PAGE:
Not only does the diarist survive the Second World War but his body comes out of it unscathed. He is, it seems, one of the lucky ones. In fact, across his whole lifetime, his body remains remarkably unscathed. Of course, there are the odd maladies and afflictions, but in truth, not much goes wrong. There is, after all, so much that can, and does, go wrong with the body, literally countless syndromes and diseases, over two hundred bones that can be broken. And yet, the narrator sails almost uninterruptedly through his eighty-six years without major incident or illness. Crucially, even when the narrator is in ill health, prior to his death, this isn’t given the vivid or intense scrutiny one may expect from a narrative focused on the body. Indeed, this would seem to be one of the very fundamentals of a narrative of this kind, it is something of an expectation that the body in the throes of illness and breakdown will be explored in detail, but alas it is not so. And again it seems somewhat surprising, that in the narrative of a body, the selected body is in such rude health. Of course, some people are fortunate to have such virility, and our diarist it seems is one of them. Naturally, had the author gone the other way and given us a man constantly beleaguered by bruises, breakages and ailments, it is likely to have raised a few eyebrows, but a finer balance could have been struck and would have felt, perhaps, both more plausible and more compelling to the narrative.

Graphic detail

Whilst pathology may be somewhat underplayed, there is one particular aspect of the body’s mechanisms that gets the full treatment from the diarist: the reproductive system. In these episodes, which are numerous, the writing takes on the sort of graphic detail and close scrutiny that is lacking in the exploration of other elements of the body. And yet, this is perhaps the most examined and observed part of the body’s story in literature. Of course, it is a significant, perhaps the principal, feature of the body, and warrants the attention the diarist pays to it and, to some extent, its primacy. However, again it is a question of balance, and without the less pleasurable experiences of the body with which to offset these episodes, the body’s troughs to contrast with its peaks, the narrative risks its originality and edges into the clichéd.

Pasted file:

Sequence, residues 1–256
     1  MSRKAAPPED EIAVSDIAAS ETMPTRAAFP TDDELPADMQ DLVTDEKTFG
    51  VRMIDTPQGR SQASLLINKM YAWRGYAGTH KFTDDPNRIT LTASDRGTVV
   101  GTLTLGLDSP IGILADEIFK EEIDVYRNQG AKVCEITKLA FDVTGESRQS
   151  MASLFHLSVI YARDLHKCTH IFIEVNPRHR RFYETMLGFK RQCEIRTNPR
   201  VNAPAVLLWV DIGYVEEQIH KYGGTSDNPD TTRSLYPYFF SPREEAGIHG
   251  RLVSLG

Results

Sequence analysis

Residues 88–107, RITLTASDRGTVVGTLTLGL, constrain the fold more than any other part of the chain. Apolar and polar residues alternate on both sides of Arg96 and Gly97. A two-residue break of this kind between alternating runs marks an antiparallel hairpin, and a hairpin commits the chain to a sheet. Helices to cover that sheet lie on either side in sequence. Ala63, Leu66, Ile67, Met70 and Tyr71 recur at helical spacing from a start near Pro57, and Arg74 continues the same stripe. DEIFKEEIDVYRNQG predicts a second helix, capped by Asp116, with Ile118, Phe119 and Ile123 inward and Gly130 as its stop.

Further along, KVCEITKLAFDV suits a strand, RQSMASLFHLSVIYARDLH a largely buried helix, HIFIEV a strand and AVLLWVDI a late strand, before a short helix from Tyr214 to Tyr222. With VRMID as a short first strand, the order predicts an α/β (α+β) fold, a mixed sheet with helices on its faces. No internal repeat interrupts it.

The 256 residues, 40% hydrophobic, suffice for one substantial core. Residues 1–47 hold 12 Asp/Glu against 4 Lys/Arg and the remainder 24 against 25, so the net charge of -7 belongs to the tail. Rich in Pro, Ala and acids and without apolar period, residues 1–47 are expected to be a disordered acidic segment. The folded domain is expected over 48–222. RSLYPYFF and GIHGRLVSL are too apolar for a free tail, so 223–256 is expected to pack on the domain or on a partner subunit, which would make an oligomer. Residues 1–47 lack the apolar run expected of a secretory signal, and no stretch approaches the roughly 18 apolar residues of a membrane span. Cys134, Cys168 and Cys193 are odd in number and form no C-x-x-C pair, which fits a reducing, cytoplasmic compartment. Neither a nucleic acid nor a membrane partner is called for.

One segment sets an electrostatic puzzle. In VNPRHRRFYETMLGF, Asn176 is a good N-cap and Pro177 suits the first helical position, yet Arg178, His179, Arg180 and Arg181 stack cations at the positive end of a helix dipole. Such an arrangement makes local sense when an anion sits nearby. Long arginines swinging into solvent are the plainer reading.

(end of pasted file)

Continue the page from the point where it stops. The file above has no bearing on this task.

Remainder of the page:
One can’t however question the novel’s inventive vision. The foresight to reinvent the diaristic mode and its subject. Although The Diary of a Body may show up the weaknesses as well as the strengths of this process, Pennac’s experiment leads one to ask what else can be diarized, how else can the diary be used. The possibilities for literature – and good literature too, when done right – seem rife. Of course, one of the most obvious evolvements, as the diarist himself muses, would be that of the female body. It is certainly refreshing for the male body to get the attention this time round, but it seems to cry out for its parallel. Whether Daniel Pellac would have the inclination or insight to attempt this I’m not sure.

But despite the various fictional accounts that we do already have of women’s bodies, it would be interesting to see what this introspective, purely corporeal diary would look like for one woman across the span of her lifetime, either in Pennac’s hands or another’s. As too would different bodies – of different eras, different circumstances, different afflictions. Indeed, how would the diary of a body in Victorian times read, or that of a body on the front line, or the body of a person with a degenerative disease? Whilst this novel doesn’t answer these questions, it does get you thinking. Pennac’s journeller is blessed with good health, many aren’t so lucky.

By Jade Craddock